House Moves to Restrict Law Enforcement’s Use of Ketamine

DENVER, CO– The House today advanced Representatives Leslie Herod and Yadira Caraveo’s bill to define the appropriate use of ketamine in law enforcement interactions. The bill passed on second reading. 

“For too long, ketamine has been misused during law enforcement interactions and outside of medical settings, and it has had dangerous, even deadly, consequences for Coloradans,” said Rep. Leslie Herod, D-Denver. “This bill represents a bold step forward in our efforts to improve policing in our state and ensure all Coloradans feel safe and protected by law enforcement.”

“Ketamine is not a drug that should be used lightly or without being able to verify basic medical information like a patient’s weight, medical history, and other relevant factors.” said Doctor Rep. Yadira Caraveo, D-Thornton. “Colorado has already lost far too many lives due to the misuse of this powerful drug. My hope is that by passing this bill we’ll prevent the type of tragedy that took the life of Elijah McClain and so many more from ever happening again.” 

HB21-1251 limits the use of ketamine to subdue an individual in pre-hospital settings. The federal government has scheduled ketamine as a controlled substance due to its associated risk factors, and emergency medical service providers, here referred to as ‘paramedics,’ must seek waivers to administer ketamine since the drug is outside of their standard scope of practice. Studies show that rates of intubation for people injected with ketamine in a prehospital setting are dramatically higher than when it’s administered in an emergency department. The bill prohibits law enforcement from compelling, directing or unduly influencing a paramedic to chemically incapacitate someone by administering ketamine.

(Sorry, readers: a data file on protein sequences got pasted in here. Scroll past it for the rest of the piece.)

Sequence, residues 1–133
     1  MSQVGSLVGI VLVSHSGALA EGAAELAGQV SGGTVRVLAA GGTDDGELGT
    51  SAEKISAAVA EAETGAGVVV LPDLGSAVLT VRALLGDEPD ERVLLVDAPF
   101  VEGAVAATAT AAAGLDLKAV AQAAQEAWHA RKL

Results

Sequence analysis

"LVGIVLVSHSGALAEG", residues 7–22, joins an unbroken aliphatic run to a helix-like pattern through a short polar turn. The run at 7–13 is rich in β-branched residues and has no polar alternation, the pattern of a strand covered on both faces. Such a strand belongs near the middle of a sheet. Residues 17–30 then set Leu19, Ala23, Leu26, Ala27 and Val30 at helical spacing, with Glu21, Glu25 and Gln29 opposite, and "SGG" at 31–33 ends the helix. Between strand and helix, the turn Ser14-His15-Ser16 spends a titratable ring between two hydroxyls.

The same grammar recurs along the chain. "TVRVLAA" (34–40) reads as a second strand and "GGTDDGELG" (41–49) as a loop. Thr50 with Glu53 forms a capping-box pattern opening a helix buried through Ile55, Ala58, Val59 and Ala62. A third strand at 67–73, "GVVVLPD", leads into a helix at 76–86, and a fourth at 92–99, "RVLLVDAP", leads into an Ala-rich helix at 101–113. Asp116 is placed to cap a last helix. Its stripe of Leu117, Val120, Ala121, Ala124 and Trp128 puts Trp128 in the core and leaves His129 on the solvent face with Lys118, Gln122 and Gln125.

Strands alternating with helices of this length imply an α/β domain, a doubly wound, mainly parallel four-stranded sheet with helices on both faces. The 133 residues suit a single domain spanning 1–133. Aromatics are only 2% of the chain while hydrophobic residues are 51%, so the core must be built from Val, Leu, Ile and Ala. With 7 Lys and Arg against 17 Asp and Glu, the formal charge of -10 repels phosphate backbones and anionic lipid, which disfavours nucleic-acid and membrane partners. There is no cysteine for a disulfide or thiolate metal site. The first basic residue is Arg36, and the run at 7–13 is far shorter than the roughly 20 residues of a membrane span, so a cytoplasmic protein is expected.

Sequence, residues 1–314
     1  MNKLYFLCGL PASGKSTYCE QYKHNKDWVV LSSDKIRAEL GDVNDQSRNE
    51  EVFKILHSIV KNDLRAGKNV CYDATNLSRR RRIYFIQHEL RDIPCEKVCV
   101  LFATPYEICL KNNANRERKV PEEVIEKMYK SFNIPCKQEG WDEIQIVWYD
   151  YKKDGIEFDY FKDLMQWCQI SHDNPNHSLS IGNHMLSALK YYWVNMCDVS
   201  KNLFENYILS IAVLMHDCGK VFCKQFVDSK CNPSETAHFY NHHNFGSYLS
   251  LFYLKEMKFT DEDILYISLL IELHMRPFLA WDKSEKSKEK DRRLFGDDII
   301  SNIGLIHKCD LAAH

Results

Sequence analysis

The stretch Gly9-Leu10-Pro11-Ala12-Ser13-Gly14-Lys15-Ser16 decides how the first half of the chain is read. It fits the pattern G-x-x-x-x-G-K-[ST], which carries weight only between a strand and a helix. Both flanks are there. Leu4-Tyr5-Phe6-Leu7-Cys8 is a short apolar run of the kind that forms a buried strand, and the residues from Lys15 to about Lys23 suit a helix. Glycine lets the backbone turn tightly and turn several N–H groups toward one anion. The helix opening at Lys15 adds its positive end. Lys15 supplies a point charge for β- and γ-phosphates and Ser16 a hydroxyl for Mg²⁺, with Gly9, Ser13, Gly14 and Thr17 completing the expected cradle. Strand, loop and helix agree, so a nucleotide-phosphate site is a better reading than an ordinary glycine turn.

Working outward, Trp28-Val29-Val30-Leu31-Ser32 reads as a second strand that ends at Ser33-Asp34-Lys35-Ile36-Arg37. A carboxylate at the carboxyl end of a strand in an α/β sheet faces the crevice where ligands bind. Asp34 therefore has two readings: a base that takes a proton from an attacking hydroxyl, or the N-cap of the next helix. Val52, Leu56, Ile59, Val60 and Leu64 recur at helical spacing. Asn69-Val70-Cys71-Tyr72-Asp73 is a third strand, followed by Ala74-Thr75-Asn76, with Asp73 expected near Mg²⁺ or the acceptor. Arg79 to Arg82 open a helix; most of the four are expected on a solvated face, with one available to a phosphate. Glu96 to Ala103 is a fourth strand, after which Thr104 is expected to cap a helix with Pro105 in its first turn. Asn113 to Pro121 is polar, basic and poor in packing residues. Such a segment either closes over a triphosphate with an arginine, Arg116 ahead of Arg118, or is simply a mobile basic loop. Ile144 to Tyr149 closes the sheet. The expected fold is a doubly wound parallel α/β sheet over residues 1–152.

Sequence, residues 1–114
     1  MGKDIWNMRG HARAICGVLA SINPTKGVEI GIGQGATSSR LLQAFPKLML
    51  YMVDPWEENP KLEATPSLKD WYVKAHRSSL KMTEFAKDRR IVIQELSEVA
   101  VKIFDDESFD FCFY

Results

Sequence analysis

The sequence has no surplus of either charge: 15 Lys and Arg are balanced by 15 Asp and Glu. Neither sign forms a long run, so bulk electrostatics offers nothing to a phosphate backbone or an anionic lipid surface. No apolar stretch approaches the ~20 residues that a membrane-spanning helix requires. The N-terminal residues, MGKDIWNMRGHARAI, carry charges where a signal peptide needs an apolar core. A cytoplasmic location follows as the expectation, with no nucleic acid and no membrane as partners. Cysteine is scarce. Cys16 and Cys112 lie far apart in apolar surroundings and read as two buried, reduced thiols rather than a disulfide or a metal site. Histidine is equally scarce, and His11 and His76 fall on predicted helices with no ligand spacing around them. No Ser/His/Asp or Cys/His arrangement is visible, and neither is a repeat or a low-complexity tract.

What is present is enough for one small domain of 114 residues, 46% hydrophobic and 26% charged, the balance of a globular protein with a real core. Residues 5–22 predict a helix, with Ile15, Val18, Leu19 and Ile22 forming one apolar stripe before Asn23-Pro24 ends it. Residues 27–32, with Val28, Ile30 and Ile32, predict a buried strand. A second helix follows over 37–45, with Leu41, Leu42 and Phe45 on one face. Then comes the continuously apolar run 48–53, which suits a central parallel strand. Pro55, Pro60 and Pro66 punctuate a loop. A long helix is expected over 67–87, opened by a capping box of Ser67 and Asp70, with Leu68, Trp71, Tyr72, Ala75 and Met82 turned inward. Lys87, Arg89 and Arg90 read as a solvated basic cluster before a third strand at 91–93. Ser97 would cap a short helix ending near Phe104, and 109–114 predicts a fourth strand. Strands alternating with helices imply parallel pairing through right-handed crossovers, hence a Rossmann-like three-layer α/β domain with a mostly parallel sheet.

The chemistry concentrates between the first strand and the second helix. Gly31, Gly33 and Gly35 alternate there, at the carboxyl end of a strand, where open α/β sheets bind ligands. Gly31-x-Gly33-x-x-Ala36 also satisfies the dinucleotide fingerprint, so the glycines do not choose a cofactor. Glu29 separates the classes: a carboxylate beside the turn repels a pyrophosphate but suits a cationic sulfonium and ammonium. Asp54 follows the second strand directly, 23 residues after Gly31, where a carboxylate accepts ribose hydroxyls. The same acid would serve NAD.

For a paramedic to administer ketamine in a prehospital setting with law enforcement present, the paramedic must weigh an individual to ensure accurate dosage and if that’s not possible, at least two people present at the scene must agree with their weight estimation. The paramedic must be trained in the administration of ketamine and must attempt to obtain verbal authorization from a medical director before administering it. Lastly, there must be equipment on site to immediately monitor the person’s vital signs and provide urgent transport to a hospital.

Among other changes, the bill requires a law enforcement officer to intervene and report to the POST board if they see another officer using ketamine on someone, which under the bill would constitute excessive use of force and could lead to permanent revocation of an officer’s POST certification if the incident results in death. Absent a justifiable medical emergency, a paramedic would be prohibited from using ketamine to sedate someone to aid in their arrest or restraint for alleged or suspected criminal conduct.